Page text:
A system set to develop across the central United States will trigger damaging thunderstorms and flooding downpours across the lower Mississippi Valley on the first day of March.
“The same storm that is raising concerns for winter weather across the Great Lakes and interior Northeast will bring a severe weather threat to the Deep South,” AccuWeather Meteorologist Evan Duffey said.
Thunderstorms are expected to initiate over the southern Plains, centered on Oklahoma during Monday night before developing into a squall line on Tuesday.
A squall line is a continuous band of thunderstorms that can produce damaging wind gusts, flooding downpours and hail. Brief tornadoes are also possible along the leading edge of this line.
“As is typical with many of these winter storms, the push of cold air clashing with the warm air in place will lead to a line of thunderstorms along the system’s cold front,” Duffey explained.
Strong winds aloft can give the storms extra strength.
He added that localized damaging winds and brief flooding downpours would be the primary threats from these storms.
Cities that will likely be impacted by the squall line on Tuesday include Little Rock, Arkansas; Memphis and Nashville, Tennessee; and Shreveport, Louisiana. By Tuesday night, the line will shift into New Orleans, Knoxville, Tennessee, and Birmingham, Alabama.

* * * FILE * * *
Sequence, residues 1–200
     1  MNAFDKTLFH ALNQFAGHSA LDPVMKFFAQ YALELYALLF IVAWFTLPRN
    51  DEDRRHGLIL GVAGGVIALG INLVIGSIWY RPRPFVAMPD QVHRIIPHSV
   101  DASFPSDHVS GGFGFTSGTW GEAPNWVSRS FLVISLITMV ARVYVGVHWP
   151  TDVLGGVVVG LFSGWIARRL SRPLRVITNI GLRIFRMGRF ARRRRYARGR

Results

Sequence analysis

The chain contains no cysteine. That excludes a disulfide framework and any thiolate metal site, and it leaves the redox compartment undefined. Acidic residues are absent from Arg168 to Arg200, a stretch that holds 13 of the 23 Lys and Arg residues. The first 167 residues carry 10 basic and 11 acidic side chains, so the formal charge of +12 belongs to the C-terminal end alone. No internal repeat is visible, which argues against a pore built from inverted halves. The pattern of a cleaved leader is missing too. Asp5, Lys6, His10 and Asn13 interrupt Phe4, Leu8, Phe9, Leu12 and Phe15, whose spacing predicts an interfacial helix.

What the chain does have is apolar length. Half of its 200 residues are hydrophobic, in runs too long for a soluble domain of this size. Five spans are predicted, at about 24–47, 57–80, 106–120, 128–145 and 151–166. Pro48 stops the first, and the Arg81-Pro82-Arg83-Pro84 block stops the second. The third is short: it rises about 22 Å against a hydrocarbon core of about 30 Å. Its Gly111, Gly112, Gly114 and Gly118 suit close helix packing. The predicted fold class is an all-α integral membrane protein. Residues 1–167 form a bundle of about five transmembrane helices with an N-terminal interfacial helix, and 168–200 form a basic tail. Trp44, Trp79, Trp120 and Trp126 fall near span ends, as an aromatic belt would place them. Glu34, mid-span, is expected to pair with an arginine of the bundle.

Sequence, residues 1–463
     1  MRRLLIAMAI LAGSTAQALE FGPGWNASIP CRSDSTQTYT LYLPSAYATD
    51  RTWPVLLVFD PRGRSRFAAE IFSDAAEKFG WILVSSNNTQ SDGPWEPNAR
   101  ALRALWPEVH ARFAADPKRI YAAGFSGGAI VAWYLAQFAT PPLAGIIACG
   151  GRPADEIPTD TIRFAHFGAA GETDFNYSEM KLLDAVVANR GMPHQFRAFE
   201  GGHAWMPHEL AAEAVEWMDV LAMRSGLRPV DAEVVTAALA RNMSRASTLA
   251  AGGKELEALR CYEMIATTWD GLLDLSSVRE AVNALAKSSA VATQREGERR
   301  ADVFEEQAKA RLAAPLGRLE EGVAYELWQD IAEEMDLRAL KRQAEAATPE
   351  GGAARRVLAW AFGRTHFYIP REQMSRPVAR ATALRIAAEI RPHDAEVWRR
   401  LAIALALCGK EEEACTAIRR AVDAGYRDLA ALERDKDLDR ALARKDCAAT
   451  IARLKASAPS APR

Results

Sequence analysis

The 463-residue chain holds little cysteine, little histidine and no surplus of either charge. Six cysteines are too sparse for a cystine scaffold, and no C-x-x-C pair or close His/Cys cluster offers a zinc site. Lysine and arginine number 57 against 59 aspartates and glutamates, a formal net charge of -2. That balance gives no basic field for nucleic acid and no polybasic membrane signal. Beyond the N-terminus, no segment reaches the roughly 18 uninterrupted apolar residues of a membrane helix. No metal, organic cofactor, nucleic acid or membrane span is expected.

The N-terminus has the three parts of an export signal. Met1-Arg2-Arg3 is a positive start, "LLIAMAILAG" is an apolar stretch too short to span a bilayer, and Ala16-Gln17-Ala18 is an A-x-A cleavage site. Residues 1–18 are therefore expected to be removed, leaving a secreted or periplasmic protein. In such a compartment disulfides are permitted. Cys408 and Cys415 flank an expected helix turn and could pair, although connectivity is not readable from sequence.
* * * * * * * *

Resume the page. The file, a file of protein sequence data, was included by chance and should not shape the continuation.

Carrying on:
While these storms will move through areas that were devastated by severe thunderstorms last week, it is highly unlikely that they will match the same intensity and magnitude. However, it only takes one tornado or damaging burst of wind to devastate a family and/or community.
Motorists should be aware of rapidly changing weather conditions should they encounter the squall line. Torrential downpours will lead to reduced visibility and excess water on roadways, which could disrupt the Tuesday evening commute.
It is possible that a few locally heavy, gusty thunderstorms will reach as far to the northeast as parts of Kentucky, West Virginia and southern Ohio during early Tuesday night.
As Tuesday night progresses, the storms will likely lose some of their punch once they reach Atlanta and the Appalachian Mountains.
Regardless, flash flooding and gusty winds will remain a concern until the storms exit the Southeast coast on Wednesday morning.
Behind this front, a brief spell of quieter and cooler weather is expected across the region before another round of rain and thunderstorms at late week.